“The GT-R is a supercar, but at the same time it’s a supercar that’s attainable and that’s accessible to many people,” he said. “This is something that we need to be careful with.”
The extra weight of a battery would further detract from its performance chops.
Kunio Nakaguro, Nissan’s executive vice president for global R&D, said separately that Nissan’s new dedicated EV platform, which debuts in the Ariya crossover, could underpin something sporty. But he also was noncommittal about future plans for an electric performance car.
“When we say sports car, there are lots of interpretations,” Nakaguro said, noting that Nissan’s new twin-motor e-4ORCE setup delivers plenty of oomph. “Acceleration is very good, and driving excitement is a sales point. So we have lots of opportunity, which does include a sporty car.”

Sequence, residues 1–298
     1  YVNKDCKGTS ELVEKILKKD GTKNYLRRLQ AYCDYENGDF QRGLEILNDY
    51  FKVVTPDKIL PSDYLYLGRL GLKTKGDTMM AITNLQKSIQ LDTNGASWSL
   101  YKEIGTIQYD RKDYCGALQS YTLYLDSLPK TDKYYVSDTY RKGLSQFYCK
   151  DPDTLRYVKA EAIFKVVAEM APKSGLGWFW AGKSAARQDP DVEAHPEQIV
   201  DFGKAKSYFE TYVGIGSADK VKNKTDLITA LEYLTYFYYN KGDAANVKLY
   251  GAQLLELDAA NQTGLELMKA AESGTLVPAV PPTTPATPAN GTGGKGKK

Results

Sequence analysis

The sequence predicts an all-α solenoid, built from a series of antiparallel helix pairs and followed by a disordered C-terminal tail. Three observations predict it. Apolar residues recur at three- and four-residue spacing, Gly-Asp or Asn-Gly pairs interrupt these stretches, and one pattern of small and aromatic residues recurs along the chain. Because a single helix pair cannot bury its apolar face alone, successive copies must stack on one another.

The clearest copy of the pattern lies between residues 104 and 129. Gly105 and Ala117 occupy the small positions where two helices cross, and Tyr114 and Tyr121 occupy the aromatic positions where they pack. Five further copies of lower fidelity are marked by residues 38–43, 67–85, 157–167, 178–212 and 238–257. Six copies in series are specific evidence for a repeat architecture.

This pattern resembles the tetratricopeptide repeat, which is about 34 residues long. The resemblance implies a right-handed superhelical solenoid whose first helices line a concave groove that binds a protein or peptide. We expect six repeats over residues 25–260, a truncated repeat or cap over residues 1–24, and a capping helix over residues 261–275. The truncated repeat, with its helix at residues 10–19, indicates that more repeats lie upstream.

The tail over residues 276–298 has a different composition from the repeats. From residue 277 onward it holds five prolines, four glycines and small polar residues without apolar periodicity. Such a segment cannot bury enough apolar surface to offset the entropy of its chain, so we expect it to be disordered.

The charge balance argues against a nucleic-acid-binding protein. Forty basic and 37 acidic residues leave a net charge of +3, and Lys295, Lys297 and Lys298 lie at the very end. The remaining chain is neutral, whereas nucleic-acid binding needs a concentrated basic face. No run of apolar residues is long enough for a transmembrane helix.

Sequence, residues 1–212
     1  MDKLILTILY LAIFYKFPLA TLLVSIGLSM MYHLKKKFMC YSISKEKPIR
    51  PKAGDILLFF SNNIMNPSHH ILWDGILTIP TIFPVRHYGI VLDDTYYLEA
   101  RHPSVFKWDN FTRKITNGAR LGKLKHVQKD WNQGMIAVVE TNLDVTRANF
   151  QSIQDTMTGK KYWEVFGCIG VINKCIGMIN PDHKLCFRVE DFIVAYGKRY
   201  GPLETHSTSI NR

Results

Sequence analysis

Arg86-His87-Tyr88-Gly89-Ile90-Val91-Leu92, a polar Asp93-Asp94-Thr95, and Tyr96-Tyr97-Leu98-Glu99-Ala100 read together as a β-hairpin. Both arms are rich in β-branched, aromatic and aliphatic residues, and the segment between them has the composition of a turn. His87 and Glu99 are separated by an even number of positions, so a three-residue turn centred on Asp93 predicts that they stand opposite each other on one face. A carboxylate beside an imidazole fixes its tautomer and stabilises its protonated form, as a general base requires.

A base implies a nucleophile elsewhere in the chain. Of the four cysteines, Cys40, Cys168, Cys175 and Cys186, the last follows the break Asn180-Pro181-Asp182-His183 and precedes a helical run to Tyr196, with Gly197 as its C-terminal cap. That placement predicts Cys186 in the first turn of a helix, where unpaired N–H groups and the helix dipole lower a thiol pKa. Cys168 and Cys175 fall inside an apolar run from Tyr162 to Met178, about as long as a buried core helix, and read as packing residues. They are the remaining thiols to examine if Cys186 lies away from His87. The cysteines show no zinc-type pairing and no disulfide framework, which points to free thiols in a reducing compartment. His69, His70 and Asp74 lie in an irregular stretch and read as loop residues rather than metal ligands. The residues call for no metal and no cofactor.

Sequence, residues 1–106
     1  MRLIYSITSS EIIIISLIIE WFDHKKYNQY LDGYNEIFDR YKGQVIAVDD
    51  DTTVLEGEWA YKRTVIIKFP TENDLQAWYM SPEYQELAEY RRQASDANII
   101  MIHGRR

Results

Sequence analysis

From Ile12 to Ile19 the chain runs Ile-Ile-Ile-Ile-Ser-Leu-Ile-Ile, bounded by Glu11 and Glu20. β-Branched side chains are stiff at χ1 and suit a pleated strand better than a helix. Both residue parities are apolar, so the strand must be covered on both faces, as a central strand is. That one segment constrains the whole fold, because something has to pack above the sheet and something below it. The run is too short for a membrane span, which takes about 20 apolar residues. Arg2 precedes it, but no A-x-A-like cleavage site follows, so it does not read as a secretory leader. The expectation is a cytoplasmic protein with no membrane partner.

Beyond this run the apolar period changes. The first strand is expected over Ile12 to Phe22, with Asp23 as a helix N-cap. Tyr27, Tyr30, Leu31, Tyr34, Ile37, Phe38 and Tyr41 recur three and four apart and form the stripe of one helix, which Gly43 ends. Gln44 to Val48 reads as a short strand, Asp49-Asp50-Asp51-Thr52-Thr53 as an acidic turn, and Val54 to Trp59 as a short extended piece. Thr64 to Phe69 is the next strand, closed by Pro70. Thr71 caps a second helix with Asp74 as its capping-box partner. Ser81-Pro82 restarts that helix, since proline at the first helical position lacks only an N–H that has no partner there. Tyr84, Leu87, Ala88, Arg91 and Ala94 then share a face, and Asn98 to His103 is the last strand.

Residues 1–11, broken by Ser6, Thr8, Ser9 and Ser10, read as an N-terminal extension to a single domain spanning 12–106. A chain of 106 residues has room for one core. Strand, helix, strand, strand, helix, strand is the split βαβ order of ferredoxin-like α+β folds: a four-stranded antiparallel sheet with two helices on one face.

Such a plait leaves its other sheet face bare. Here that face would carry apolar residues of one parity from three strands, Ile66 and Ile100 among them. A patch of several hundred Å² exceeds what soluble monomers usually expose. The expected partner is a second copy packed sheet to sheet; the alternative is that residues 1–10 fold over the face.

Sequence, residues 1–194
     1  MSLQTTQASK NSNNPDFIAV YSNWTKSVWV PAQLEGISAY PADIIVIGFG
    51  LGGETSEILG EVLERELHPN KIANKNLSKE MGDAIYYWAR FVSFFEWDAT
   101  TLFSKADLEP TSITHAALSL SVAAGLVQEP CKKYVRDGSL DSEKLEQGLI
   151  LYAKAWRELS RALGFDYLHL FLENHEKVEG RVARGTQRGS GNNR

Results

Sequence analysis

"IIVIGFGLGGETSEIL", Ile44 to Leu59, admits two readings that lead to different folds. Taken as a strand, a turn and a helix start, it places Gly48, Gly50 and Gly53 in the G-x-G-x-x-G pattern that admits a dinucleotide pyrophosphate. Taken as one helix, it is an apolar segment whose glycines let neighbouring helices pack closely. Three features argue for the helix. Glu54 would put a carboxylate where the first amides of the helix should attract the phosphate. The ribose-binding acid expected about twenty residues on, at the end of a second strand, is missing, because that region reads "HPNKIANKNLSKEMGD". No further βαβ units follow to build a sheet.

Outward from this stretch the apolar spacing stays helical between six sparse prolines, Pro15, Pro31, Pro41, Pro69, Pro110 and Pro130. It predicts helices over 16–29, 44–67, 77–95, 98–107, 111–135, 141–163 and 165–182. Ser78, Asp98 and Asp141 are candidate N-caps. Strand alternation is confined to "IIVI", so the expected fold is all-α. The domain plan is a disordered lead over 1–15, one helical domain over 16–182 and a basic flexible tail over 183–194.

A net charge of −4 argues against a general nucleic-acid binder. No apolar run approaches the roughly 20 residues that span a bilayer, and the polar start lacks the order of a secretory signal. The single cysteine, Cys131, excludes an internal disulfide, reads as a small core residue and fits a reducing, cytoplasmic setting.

A new Nissan Z sport coupe was previewed last week that was gasoline-only.
The current-generation GT-R sports car is one of the oldest models in Nissan’s aging portfolio. It entered production in December 2007. Espinosa said Nissan keeps it fresh with continuous model-year updates, such as new carbon brakes. Timeless styling also gives it long legs.
Despite its age, the GT-R was not highlighted among the slew of upcoming cars and crossovers teased in the Nissan A-to-Z marketing video.
So when will Godzilla get a makeover? And might Nissan just hold off on a redesign until better electrification technologies are ready?
“The future is open,” Espinosa said. “We will keep it for as long as customers are interested in it, and we were still selling quite a few.”